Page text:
Percorso:ANSA.it > News in English > News

CIA convicted in cleric rendition

Milan court gives 5-8 years for 22, immunity for 3

04 November, 18:17
(by Denis Greenan.) (ANSA) - Milan, November 4 - An Italian judge on Wednesday convicted 22 CIA agents and a US Air Force colonel in absentia for the abduction of a Milan-based Egyptian cleric in 2003.

In the first, long-awaited verdict on the controversial US practice of 'extraordinary rendition', they received sentences ranging from five to eight years.

But the top US defendant, former CIA Milan station chief Jeff Castelli, saw his diplomatic immunity plea granted.

Two other CIA agents, Betnie Medero and Ralph Russomando, were also granted immunity while two top Italian ex-spies were acquitted because of state secrecy norms.

Among those found guilty were the CIA's ex-Rome station chief Robert Seldon Lady and a former US consular official prosecutors say was an undercover agent, Sabrina De Sousa.

The former head of Italian military intelligence SISMI, Nicolo' Pollari, and his ex-No.2, Marco Mancini, were acquitted but two other ex-SISMI agents, Pio Pompa and Luciano Seno, were found guilty of aiding and abetting. Prosecutor Armando Spataro had sought 13 years for Castelli and Pollari; 12 years for Lady and De Sousa; 11 for the agents who actually snatched Nasr; and ten for Mancini.

Despite not securing all his convictions, Spataro said he felt vindicated by the result of the trial.

''The verdicts have established the truth uncovered by our investigation,'' he said.

Defence lawyers had argued they were unable to defend their clients because of a state secrecy injunction obtained by the Italian government.

The Americans have never been in any danger of extradition, the US and Italy have repeatedly stressed.

The rendition victim, Hassan Mustafa Omar Nasr, was awarded a provisional one million euros in damages from each of the convicted, while his wife was awarded a provisional 500,000 euros.

The eventual size of the damages will be determined by a later civil trial, the judge said. Nasr, who is also known as Abu Omar, did not attend the trial because he was unable to leave Egypt.

But he says he wants to return to Italy despite an ongoing probe into his alleged association with an Islamist group.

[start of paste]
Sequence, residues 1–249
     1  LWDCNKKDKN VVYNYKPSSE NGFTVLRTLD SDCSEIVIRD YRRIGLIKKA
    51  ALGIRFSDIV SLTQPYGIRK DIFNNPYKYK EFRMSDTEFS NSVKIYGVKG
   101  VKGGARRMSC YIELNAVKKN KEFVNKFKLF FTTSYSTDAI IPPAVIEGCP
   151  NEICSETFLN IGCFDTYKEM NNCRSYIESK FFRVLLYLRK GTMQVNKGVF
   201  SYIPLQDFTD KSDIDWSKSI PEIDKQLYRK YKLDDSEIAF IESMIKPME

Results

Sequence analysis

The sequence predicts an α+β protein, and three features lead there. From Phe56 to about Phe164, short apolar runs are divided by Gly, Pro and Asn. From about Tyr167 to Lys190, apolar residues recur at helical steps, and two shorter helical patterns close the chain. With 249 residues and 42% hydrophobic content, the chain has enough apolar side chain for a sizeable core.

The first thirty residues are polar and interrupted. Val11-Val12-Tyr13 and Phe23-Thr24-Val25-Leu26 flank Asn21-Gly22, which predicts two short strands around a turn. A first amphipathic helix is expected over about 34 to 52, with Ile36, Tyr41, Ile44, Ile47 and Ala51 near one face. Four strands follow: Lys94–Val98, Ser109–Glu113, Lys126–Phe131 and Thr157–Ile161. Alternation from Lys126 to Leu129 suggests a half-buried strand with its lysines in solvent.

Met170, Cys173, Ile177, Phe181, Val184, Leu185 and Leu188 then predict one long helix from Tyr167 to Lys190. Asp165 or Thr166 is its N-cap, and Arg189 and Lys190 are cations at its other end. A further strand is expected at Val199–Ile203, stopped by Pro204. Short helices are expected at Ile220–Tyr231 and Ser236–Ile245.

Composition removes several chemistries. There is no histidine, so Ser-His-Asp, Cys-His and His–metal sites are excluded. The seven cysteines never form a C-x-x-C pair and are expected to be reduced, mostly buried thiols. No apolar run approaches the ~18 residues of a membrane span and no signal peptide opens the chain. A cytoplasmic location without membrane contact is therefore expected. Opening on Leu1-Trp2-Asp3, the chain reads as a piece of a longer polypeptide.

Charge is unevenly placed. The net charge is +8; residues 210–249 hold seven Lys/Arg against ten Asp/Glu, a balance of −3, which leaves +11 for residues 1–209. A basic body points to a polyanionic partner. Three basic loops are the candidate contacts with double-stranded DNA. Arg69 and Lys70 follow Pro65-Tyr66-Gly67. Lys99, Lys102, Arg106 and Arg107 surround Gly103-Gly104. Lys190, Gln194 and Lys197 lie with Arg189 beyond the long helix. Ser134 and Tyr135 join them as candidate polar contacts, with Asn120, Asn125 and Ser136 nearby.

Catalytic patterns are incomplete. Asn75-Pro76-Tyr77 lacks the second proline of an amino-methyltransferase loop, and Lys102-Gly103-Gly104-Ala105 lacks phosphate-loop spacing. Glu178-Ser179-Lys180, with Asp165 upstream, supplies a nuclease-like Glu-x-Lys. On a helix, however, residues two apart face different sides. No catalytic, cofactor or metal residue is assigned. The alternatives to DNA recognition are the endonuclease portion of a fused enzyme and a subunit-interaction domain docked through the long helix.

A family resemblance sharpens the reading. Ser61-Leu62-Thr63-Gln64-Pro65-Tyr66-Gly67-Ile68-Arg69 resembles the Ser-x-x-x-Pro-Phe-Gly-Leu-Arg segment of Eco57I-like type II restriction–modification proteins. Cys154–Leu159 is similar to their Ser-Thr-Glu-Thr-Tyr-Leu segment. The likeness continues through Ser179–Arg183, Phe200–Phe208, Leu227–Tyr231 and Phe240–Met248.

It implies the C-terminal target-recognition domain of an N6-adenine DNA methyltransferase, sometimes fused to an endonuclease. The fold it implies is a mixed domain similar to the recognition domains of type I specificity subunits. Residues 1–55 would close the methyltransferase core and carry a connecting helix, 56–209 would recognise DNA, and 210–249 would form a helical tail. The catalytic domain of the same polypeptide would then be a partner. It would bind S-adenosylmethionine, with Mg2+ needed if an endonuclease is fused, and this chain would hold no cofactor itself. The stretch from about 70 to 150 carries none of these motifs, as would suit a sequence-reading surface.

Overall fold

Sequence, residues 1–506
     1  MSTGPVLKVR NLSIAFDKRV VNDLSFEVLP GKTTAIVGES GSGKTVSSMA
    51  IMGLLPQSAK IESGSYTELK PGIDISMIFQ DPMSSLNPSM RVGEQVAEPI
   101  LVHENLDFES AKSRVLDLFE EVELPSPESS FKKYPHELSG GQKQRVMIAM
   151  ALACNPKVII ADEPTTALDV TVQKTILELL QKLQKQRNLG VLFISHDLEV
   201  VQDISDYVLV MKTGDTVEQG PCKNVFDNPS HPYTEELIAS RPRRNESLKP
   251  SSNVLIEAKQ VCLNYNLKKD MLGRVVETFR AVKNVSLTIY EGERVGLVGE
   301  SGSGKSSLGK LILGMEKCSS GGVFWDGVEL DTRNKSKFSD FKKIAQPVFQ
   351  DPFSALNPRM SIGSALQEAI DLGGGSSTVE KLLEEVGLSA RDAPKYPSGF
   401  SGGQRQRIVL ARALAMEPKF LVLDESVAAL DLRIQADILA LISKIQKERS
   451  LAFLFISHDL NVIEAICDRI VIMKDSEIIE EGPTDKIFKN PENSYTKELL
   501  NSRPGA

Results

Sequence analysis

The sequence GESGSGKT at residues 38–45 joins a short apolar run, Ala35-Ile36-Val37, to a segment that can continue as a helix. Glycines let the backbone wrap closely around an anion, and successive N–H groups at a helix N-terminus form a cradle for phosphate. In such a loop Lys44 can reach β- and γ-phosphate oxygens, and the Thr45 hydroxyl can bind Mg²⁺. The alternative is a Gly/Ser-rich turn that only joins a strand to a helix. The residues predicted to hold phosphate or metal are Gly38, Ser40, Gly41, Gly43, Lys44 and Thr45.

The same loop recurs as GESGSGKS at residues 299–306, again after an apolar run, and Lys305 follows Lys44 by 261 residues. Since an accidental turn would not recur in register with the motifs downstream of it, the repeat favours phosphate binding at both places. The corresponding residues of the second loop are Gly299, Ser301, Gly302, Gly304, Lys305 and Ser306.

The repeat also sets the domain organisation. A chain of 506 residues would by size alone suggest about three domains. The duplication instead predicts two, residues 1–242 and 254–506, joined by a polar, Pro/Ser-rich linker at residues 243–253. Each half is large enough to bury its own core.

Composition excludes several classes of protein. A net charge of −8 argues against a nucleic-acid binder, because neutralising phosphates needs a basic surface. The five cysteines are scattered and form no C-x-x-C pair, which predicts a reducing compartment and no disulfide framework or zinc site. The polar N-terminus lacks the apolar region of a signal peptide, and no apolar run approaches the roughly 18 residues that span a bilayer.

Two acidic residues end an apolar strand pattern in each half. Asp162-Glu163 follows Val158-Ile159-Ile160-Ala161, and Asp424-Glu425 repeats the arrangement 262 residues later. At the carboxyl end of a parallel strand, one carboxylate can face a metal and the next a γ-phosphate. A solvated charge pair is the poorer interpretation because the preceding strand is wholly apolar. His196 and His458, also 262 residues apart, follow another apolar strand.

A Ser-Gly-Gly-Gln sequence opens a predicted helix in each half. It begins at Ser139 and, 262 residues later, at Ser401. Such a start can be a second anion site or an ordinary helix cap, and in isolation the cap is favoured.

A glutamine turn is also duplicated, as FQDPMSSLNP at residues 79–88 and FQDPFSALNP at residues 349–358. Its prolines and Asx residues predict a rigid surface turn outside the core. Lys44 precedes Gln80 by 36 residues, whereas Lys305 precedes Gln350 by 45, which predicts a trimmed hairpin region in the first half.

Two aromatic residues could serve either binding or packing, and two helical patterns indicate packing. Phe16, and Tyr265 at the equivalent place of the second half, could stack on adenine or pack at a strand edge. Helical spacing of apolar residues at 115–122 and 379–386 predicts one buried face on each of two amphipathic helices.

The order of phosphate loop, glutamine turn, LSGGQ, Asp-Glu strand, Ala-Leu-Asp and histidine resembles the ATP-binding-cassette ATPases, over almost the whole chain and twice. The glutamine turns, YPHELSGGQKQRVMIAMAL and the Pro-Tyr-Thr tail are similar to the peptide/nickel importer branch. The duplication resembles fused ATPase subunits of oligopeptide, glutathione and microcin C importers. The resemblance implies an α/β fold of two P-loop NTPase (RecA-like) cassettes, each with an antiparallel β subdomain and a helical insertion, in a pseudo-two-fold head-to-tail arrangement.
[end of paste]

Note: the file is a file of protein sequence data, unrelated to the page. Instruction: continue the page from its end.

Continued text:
Nasr disappeared from a Milan street in February 2003 and emerged from an Egyptian prison four years later, after a brief parole in 2004.

US-ITALIAN FRICTION.

The trial has caused friction between the US and Italian intelligence communities.

It has also seen a tussle between prosecutors and the Italian government, which obtained a Constitutional Court ruling that some evidence was covered by state secrecy norms.

During the two-year trial ago the CIA refused to comment and its officers were silent until Lady, the ex-Rome chief, told an Italian daily this summer that he was only following orders.

Lady, who has now retired, said from an undisclosed location that he was ''a soldier...in a war against terrorism''.

Italian Premier Silvio Berlusconi and his predecessor Romano Prodi obtained a Constitutional Court ruling in March that forced prosecutors to do without swathes of evidence.

The ruling also exempted Berlusconi and Prodi from testifying.

Italian governments have denied any role in Nasr's disappearance.

The trial of Nasr has claimed headlines worldwide and stoked discussion of rendition, which was extended by President Barack Obama earlier this year under the proviso that detainees' rights should be respected.

The Council of Europe has called Nasr's case a ''perfect example of rendition''.

The imam disappeared from the northern Italian city on February 17, 2003.

Prosecutors say he was snatched by a team of CIA operatives with SISMI's help and taken to a NATO base in Ramstein, Germany.

From there they say he was taken to Egypt to be interrogated.

Berlusconi was in power at the time of the abduction.

Prodi succeeded him in 2006 but was defeated by him two years later.

The CIA was first granted permission to use rendition in a presidential directive signed by President Bill Clinton in 1995 and the practice grew sharply after the September 11 terrorist attacks.

photo: Nasr on his release in 2007

Top News

    • 13:09
    • 09 apr
    • ROMA

    Fecondazione eterologa, cade il divieto

    La Corte Costituzionale lo hanno dichiarato illegittimo
    • 12:09
    • 09 apr
    • MILANO

    Intesa paga 294 mln 'tassa Bankitalia'

    Segue Unicredit (196), ma su parametri patrimoniali impatto soft
    • 11:40
    • 09 apr
    • VATICANO

    Papa: tacciano le armi in Siria

    Dolore per assassinio gesuita Van der Lugt e per vittime guerra
    • 10:43
    • 09 apr
    • MILANO

    Garlasco: mamma Rita, ho ancora fiducia

    E' cominciato il processo d'appello bis, Stasi è in aula
    • 09:03
    • 09 apr
    • MILANO

    Borsa: Milano apre in rialzo, +0,24%

    Identico aumento per l'indice Ftse All share
    • 09:00
    • 09 apr
    • ROMA

    Immigrazione: Alfano,un morto su barcone

    Continuano sbarchi, 4.000 migranti soccorsi in ultime 48 ore
    • 07:01
    • 09 apr
    • ROMA

    Mafia, colpo a cosche in E-R

    Operazione cc regione e Crotone,13 ordinanze,sequestro da 13 mln
    • 06:36
    • 09 apr
    • ISLAMABAD

    Pakistan:bomba a mercato,almeno 15 morti

    Ordigno ad alto potenziale in zona controllata forze sicurezza
    • 01:05
    • 09 apr
    • ROMA

    Immigrazione: Alfano, è allarme sbarchi

    Non bastano 80 mln Ue per Frontex. Def grazie a nostra azione
    • 00:23
    • 09 apr
    • NEW YORK

    Australia e Svezia, paradisi per giovani

    Secondo studio Usa. Italia fuori da classifica prime 30 nazioni